For this purpose, the invention provides a method of measuring the speed of air in a zone of the atmosphere by the Doppler effect using a radar, the method comprising the steps of: transmitting bursts of three pulses at different rates F1, F2, F3; determining respective speeds V1, V2, V3 of the air from the pulses received in return from the pulses in each burst; and calculating the speed V of the air from the speeds V1, V2, V3 determined for the returned pulses received for each burst. Thus, each pulse is transmitted at a rate that is different from that of the following pulses. The Nyquist interval is then obtained by combining the three repetition rates so that the Nyquist interval is relatively large. The pulses at the three repetition rates are transmitted in succession towards a common zone of the atmosphere, thereby limiting the inaccuracy of the method.Preferably, calculating the speed V of the air comprises the stages of: calculating the Nyquist speeds Vn1, Vn2, Vn3 corresponding to each rate F1, F2, F3 and calculating the equivalent Nyquist speed Vneq; for each value of an integer k varying over the range [−Vneq/2Vn1+½; Vneq/2Vn1+½)]: calculating a speed Vtest=V1+2 kVn1; folding the speed Vtest into the ranges [−Vn2, Vn2] and [−Vn3, Vn3] to obtain the speeds V2′ and V3′; and calculating the differences ΔV2=V2′−V2 and ΔV3=V3′−V3 and the root-mean-square deviation E=√((ΔV22+ΔV32)/2); and retaining as the speed V, the speed Vtest corresponding to the smallest root-mean-square deviation. This mode of calculation is found to be relatively reliable and simple to implement by computer while using computer resources that are relatively small.Advantageously, the rates F1, F2, F3 are relatively close.This leads to the radar transmitter being stressed relatively little and therefore limits wear thereof.In a particular implementation, the method includes a step of determining said rates F1, F2, F3 by performing the following stages: determining pairs p/q and r/s such that p and q and also r and s are mutually prime, q and s are greater than p and r, respectively, p is greater than q/2, and r is greater than s/2; selecting a rate F1 and calculating a corresponding Nyquist speed Vn1; selecting a speed V′ corresponding to the maximum speed of air in the measurement zone and folding the speed V′ into the range [−Vn1, Vn1] to obtain the speed V1′; for each pair p/q and r/s: calculating rates F2=F1×p/q and F3=F1×r/s and calculating the Nyquist speeds Vn2 and Vn3; calculating the equivalent Nyquist speed Vneq=1 cm(p,r)×Vn1; for each value of an integer k varying over the range [−Vneq/2Vn1+½; Vneq/2Vn1+½] calculating a speed Vtest=V1′+2 kVn1; folding the speed Vtest into the ranges [−Vn2, Vn2] and [−Vn3, Vn3] to obtain the speeds V2′ and V3′; calculating the differences ΔV2=V2′−V2 and ΔV3=V3−V3 and calculating the root-mean-square deviation E=√((ΔV22+ΔV32)/2); and retaining the speed Vtest that corresponds to the smallest root-mean-square deviation; and comparing the speeds Vtest obtained for all of the pairs with the speed V′ to select the best pair. This determination technique is relatively simple, reliable, and fast.The comparison then advantageously comprises the stages of calculating, for all of the pairs, the difference Δ′=Vtest−V′ and verifying whether A′ is less than half the Nyquist speed Vn1.This comparison technique combines simplicity and effectiveness.Also preferably, the method includes the stage of allocating noise to the speeds V1′, V2′, and V3′ prior to using them in the calculations, the noise corresponding to the noise specific to the radar and to the atmospheric conditions that are usual in the measurement zone, and the step of folding the speeds V1′, V2′, and V3′ made noisy in this way into the ranges [−Vn1, Vn1], [−Vn2, Vn2], and [−Vn3, Vn3] to obtain the speeds V1′, V2′, and V3′ used subsequently in the calculations.It is thus possible to determine repetition rates that are optimized for the zone of the atmosphere in which speed measurements are performed.Other characteristics and advantages of the invention appear on reading the following description of a particular, non-limiting implementation of the invention.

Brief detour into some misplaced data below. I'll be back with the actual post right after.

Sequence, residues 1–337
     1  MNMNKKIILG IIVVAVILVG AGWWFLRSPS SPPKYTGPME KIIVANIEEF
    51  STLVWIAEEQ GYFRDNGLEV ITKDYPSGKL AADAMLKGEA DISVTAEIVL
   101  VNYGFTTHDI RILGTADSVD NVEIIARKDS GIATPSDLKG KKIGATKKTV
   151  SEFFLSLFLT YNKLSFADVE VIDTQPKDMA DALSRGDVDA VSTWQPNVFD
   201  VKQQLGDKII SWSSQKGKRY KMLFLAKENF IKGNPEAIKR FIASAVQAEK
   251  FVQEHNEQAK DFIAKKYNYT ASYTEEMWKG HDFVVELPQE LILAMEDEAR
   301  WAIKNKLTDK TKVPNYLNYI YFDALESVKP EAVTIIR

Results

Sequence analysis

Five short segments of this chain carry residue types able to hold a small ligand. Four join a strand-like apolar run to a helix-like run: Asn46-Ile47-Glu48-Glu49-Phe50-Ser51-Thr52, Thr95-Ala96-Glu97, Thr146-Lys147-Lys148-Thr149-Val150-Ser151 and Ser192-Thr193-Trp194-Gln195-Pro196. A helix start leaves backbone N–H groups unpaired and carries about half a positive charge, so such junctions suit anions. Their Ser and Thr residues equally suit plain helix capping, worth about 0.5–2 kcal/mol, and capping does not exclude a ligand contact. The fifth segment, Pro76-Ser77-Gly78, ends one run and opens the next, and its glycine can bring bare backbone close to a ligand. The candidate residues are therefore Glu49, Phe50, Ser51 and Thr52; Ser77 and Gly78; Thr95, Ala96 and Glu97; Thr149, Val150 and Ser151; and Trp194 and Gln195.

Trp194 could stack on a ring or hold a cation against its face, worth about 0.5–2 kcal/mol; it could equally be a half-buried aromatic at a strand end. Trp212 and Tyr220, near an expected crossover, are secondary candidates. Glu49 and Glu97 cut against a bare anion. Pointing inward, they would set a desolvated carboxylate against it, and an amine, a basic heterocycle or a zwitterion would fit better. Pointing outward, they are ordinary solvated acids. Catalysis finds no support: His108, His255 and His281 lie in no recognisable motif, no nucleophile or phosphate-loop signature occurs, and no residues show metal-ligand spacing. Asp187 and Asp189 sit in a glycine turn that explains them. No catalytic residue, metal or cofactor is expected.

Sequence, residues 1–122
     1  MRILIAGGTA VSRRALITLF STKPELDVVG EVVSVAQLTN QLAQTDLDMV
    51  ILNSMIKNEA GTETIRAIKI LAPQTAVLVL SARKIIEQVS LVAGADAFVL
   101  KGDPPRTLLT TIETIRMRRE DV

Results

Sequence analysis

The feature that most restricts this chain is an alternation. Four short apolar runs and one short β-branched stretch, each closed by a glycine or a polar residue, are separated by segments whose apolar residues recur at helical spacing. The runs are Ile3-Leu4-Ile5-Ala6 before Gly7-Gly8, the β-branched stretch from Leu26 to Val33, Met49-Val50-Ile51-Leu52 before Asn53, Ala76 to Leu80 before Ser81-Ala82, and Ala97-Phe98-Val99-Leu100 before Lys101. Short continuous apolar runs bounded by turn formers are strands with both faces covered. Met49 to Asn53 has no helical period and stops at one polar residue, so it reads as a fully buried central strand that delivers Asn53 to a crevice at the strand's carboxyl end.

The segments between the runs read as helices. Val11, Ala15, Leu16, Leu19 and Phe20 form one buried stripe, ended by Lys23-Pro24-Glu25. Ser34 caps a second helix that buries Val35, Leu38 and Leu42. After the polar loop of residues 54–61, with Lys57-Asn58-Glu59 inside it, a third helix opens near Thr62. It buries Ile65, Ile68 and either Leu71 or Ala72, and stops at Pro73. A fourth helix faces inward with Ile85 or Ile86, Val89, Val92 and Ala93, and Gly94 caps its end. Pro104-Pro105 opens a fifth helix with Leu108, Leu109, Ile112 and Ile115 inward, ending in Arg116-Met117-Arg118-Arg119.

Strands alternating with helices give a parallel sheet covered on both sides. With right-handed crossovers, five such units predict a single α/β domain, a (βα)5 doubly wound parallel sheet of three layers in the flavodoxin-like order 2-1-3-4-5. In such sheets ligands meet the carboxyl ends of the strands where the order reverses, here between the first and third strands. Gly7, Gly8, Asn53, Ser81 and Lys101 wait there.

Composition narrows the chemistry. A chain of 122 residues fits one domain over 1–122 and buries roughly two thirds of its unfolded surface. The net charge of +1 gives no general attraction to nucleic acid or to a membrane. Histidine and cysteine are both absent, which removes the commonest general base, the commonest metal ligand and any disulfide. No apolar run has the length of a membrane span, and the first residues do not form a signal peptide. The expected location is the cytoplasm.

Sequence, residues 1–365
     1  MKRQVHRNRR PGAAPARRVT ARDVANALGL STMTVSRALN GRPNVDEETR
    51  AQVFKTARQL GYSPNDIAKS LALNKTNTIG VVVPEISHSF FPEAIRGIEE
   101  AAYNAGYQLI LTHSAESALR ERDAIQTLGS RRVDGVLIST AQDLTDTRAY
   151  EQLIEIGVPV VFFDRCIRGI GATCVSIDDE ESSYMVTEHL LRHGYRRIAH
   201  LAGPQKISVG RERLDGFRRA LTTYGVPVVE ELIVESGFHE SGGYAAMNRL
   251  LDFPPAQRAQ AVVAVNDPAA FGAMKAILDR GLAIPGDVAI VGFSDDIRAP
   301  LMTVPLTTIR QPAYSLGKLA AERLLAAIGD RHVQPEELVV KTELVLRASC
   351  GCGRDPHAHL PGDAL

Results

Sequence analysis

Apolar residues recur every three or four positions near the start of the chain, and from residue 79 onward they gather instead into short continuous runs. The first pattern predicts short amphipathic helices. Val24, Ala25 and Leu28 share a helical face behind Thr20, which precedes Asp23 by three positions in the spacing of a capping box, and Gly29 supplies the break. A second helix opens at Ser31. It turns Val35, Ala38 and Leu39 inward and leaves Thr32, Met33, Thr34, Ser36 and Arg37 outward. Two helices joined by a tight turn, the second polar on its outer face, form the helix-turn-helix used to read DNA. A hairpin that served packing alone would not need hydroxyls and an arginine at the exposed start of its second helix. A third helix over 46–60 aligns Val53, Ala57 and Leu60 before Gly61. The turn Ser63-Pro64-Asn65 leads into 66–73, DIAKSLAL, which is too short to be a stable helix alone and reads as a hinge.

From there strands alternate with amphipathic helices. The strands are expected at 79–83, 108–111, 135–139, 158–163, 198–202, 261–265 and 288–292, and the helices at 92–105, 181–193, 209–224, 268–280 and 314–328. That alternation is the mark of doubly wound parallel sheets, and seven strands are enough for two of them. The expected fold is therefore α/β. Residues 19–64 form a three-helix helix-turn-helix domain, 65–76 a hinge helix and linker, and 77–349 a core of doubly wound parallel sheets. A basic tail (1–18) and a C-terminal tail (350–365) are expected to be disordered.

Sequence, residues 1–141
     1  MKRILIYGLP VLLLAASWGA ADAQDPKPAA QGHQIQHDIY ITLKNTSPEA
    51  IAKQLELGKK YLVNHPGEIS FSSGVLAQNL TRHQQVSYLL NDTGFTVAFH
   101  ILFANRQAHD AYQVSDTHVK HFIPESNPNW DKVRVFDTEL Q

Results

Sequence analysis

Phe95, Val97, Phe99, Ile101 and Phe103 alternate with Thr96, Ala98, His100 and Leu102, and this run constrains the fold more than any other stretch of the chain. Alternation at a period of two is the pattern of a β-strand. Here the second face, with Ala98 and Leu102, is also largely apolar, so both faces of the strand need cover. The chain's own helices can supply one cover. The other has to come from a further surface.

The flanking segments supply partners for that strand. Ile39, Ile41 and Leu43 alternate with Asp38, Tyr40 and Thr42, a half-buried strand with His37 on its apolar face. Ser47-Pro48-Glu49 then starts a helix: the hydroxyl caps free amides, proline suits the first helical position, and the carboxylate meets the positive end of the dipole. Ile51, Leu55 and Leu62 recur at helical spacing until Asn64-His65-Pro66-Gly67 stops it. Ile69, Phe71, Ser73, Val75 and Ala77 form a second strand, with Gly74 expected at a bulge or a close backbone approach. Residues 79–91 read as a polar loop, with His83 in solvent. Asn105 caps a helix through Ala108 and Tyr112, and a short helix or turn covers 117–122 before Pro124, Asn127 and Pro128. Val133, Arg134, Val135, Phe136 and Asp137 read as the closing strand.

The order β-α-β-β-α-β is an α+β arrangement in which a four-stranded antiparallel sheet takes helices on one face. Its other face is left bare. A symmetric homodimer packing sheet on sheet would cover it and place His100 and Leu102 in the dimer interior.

For this purpose, the invention provides a method of measuring the speed of air in a zone of the atmosphere by the Doppler effect using a radar, the method comprising the steps of: transmitting bursts of three pulses at different rates F1, F2, F3; determining respective speeds V1, V2, V3 of the air from the pulses received in return from the pulses in each burst; and calculating the speed V of the air from the speeds V1, V2, V3 determined for the returned pulses received for each burst. Thus, each pulse is transmitted at a rate that is different from that of the following pulses. The Nyquist interval is then obtained by combining the three repetition rates so that the Nyquist interval is relatively large. The pulses at the three repetition rates are transmitted in succession towards a common zone of the atmosphere, thereby limiting the inaccuracy of the method.Preferably, calculating the speed V of the air comprises the stages of: calculating the Nyquist speeds Vn1, Vn2, Vn3 corresponding to each rate F1, F2, F3 and calculating the equivalent Nyquist speed Vneq; for each value of an integer k varying over the range [−Vneq/2Vn1+½; Vneq/2Vn1+½)]: calculating a speed Vtest=V1+2 kVn1; folding the speed Vtest into the ranges [−Vn2, Vn2] and [−Vn3, Vn3] to obtain the speeds V2′ and V3′; and calculating the differences ΔV2=V2′−V2 and ΔV3=V3′−V3 and the root-mean-square deviation E=√((ΔV22+ΔV32)/2); and retaining as the speed V, the speed Vtest corresponding to the smallest root-mean-square deviation. This mode of calculation is found to be relatively reliable and simple to implement by computer while using computer resources that are relatively small.Advantageously, the rates F1, F2, F3 are relatively close.This leads to the radar transmitter being stressed relatively little and therefore limits wear thereof.In a particular implementation, the method includes a step of determining said rates F1, F2, F3 by performing the following stages: determining pairs p/q and r/s such that p and q and also r and s are mutually prime, q and s are greater than p and r, respectively, p is greater than q/2, and r is greater than s/2; selecting a rate F1 and calculating a corresponding Nyquist speed Vn1; selecting a speed V′ corresponding to the maximum speed of air in the measurement zone and folding the speed V′ into the range [−Vn1, Vn1] to obtain the speed V1′; for each pair p/q and r/s: calculating rates F2=F1×p/q and F3=F1×r/s and calculating the Nyquist speeds Vn2 and Vn3; calculating the equivalent Nyquist speed Vneq=1 cm(p,r)×Vn1; for each value of an integer k varying over the range [−Vneq/2Vn1+½; Vneq/2Vn1+½] calculating a speed Vtest=V1′+2 kVn1; folding the speed Vtest into the ranges [−Vn2, Vn2] and [−Vn3, Vn3] to obtain the speeds V2′ and V3′; calculating the differences ΔV2=V2′−V2 and ΔV3=V3−V3 and calculating the root-mean-square deviation E=√((ΔV22+ΔV32)/2); and retaining the speed Vtest that corresponds to the smallest root-mean-square deviation; and comparing the speeds Vtest obtained for all of the pairs with the speed V′ to select the best pair. This determination technique is relatively simple, reliable, and fast.The comparison then advantageously comprises the stages of calculating, for all of the pairs, the difference Δ′=Vtest−V′ and verifying whether A′ is less than half the Nyquist speed Vn1.This comparison technique combines simplicity and effectiveness.Also preferably, the method includes the stage of allocating noise to the speeds V1′, V2′, and V3′ prior to using them in the calculations, the noise corresponding to the noise specific to the radar and to the atmospheric conditions that are usual in the measurement zone, and the step of folding the speeds V1′, V2′, and V3′ made noisy in this way into the ranges [−Vn1, Vn1], [−Vn2, Vn2], and [−Vn3, Vn3] to obtain the speeds V1′, V2′, and V3′ used subsequently in the calculations.It is thus possible to determine repetition rates that are optimized for the zone of the atmosphere in which speed measurements are performed.Other characteristics and advantages of the invention appear on reading the following description of a particular, non-limiting implementation of the invention.